Monday, April 22, 2013

Happy Art Trails


Lately it feels like there has been so little time to write. It's moments like that when I long for technology to steam ahead and invent the chip that can be inserted into our brains and can download the story, article or thoughts ready for publication. But being a relatively lazy Sunday morning and seeing Zeus, the beautiful cat, is happy to stay in bed, I am finally in a space to put pen to paper (so to speak).

I've just returned from a few days in Melbourne, a city that gives me an enormous amount of visual and aural stimulation. There seems to be art everywhere; in the landscapes, the architecture, the food and the people. I trod the pavements; shopping in those high end places I had never dared to enter and having new experiences. One of which was the obligatory Peking duck experience. A little restaurant in Brunswick where duck was their speciality. Like many such restaurants the d├ęcor was pretty bland, but the skill of the waiter was astounding. He sliced off crispy delicious pieces of succulent duck for us to wrap in our almost transparent pancakes, The taste was sensational.
Some of the Melbourne CBD art

It wasn't difficult to find interesting artists. I happened upon many arts experiences; an exhibition of fashion at Federation Square, a groovy Jazz club decked out as an opium den and a cooperative of artisans inhabiting one of the many laneways.

Only days before heading to Melbourne I spent 4 days on the West Coast of Tasmania. I was meeting with the Councillors to discuss the benefits of a local council having an arts strategy. Just a week before at a local government managers and mayors meeting in Launceston there had been a unanimous agreement to establish an MOU between Tas Regional Arts and the Local Government Association of Tasmania. The demand for our work in local government had increased and it was a natural and welcome progression.

So I was on my way in the little Getz. That 4 hour drive from Hobart to Queenstown always surprises me and the amazing scenery astounds. There were several times I pulled the car over to get out to really experience the view; Button grass, mountains, Lake Burbury – bloody awesome, breathtaking views.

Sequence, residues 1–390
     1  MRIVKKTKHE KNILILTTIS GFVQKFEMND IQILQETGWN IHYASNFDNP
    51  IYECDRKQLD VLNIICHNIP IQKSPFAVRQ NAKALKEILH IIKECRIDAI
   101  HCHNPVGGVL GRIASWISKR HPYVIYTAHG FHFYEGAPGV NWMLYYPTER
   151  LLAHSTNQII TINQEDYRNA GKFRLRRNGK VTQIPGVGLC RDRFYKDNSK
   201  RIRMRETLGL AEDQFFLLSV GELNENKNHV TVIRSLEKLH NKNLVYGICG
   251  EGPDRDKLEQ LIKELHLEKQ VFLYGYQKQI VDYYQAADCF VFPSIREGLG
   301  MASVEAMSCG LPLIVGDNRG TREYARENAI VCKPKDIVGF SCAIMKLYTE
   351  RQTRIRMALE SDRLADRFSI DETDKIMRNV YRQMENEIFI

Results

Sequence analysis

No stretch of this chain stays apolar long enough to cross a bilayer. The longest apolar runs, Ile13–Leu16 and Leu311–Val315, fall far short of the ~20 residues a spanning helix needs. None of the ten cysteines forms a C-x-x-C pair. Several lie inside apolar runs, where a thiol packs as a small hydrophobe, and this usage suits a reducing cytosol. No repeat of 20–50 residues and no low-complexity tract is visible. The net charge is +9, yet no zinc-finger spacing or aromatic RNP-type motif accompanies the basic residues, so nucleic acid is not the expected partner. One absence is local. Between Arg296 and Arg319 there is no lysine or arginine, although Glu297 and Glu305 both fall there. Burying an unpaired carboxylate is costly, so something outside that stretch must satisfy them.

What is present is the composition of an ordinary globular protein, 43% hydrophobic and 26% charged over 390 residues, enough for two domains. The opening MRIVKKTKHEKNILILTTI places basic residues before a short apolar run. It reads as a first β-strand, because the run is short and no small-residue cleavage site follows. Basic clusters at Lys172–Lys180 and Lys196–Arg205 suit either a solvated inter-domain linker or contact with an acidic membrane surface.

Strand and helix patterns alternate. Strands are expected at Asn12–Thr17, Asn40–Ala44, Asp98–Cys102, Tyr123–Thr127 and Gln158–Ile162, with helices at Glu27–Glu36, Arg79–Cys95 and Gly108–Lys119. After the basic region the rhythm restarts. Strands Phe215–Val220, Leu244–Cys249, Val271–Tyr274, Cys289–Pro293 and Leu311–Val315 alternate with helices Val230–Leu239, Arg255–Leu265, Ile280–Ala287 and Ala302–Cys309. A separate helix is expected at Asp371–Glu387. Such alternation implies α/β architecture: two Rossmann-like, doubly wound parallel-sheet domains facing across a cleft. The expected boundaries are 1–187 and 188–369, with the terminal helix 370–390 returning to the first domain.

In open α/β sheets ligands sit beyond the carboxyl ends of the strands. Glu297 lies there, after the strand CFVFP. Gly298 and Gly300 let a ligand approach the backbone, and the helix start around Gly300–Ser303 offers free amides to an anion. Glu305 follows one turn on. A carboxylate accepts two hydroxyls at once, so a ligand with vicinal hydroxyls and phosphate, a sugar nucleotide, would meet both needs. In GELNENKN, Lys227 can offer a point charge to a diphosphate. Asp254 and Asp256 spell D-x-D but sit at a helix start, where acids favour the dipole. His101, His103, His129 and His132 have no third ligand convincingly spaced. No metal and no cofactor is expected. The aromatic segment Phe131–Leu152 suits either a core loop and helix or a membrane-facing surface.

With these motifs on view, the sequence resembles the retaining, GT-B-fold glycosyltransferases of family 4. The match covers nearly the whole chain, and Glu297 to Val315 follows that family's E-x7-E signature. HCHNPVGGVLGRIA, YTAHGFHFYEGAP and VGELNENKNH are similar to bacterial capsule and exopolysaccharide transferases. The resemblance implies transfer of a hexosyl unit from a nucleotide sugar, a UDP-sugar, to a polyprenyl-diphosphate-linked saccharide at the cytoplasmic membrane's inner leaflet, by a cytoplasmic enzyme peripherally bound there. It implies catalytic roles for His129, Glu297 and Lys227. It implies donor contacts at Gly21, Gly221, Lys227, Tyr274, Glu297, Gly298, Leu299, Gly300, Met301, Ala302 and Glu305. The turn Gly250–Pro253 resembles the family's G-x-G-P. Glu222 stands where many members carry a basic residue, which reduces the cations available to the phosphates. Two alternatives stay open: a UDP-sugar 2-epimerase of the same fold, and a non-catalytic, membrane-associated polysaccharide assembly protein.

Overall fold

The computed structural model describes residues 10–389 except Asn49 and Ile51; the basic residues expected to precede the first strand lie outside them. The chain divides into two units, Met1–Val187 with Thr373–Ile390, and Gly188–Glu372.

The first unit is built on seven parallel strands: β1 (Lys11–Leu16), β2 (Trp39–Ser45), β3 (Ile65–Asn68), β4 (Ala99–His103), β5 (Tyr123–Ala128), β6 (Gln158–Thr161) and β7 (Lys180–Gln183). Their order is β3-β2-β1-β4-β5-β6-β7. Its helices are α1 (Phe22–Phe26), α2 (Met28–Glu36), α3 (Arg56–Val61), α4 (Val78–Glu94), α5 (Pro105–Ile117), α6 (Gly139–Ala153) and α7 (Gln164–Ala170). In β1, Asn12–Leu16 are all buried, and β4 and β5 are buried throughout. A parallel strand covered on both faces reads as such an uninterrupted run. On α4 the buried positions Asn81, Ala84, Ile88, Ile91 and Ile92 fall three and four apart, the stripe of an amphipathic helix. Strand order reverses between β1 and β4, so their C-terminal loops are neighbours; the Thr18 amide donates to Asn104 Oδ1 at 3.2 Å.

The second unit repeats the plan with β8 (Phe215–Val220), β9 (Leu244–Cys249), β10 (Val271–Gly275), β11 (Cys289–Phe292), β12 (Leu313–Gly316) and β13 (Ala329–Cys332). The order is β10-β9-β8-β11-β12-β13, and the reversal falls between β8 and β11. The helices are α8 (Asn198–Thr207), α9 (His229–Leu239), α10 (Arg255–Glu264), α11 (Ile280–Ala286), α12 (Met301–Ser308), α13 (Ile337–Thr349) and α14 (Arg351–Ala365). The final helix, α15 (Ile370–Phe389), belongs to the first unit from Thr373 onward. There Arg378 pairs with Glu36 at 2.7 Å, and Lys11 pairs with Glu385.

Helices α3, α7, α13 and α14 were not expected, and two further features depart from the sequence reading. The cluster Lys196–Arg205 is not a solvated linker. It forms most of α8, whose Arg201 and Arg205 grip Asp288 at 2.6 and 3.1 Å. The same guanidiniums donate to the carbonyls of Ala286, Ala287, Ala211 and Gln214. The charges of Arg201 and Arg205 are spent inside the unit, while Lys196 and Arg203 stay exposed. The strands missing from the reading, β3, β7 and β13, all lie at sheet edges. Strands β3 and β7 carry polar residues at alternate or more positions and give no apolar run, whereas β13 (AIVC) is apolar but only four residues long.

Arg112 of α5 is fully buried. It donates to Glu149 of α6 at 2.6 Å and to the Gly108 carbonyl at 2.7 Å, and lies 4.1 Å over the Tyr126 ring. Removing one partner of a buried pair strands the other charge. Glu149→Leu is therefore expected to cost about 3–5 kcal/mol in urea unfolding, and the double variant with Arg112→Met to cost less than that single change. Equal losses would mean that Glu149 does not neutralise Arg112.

Lake Burbury on the drive to the
West Coast
Good coffee and a cornish pasty from Derwent Bridge roadhouse helps and I arrive in sunny Queenstown feeling quite overwhelmed by the dwarfing landscape. Councillor Phil Evans took me on the first of 2 tours of the town and I readied myself for the meeting. This was a robust discussion about the role the arts can play in strengthening the economic, social and cultural life of remote and small communities. There are already some unique things happening on the West Coast so it will be interesting to see if the council takes the next step to develop a strategy and find more ways to support, promote and nurture the arts.

I dropped into the Larq Gallery to meet the infamous Raymond Arnold and his partner Helena Demczuk. I had heard so much about Raymond. We were even Facebook friends, but had never met. So it was great to finally meet him and I was invited to lunch. The two galleries they have established are great. The smaller one, which is part of the Arnold and Demczuk residence, perfectly accommodates the latest exhibition by Strahan photographer, Carol Maney. The Larq Bank gallery is one big room that opens up onto one of the main streets of Queenstown. Lisa Garland's large photographs fill the space beautifully. This newest addition to Larq also provides a room for visiting artists undertaking a residency. After 8 years Raymond and Helena seem to have been not just accepted but embraced by the locals. They have created a home for themselves and for the many visiting artists who come from within and outside Australia. This, linked with their obvious love for the region, seems to provide a wonderful lifestyle to these two artists who have chosen to live in a remote community. They are of course continuing to produce their own work. While there, Helena showed me a number of paintings about women in the region that will be part of a future exhibition.

After meeting the 4 dogs (3 whippets and 1 german shepherd) I sat down to a delicious spread and we talked of art, artists, the West Coast and big ideas. It was a nice afternoon and I am extremely thankful to have finally met Raymond and Helena and to have had such an experience.
The illusive photographer,
Carol Maney. Caught in her natural
environment.

I continued to explore the streets of Queenstown; chatting to the locals, photographing the many old buildings and then finally retreating to my comfortable hotel room to ponder on what was quite a surreal experience. The next day I was off to Strahan to stay with Carol Maney and her partner Trevor. A beautiful spot by the water and another perspective of the West Coast; beautiful, harsh and fascinating.

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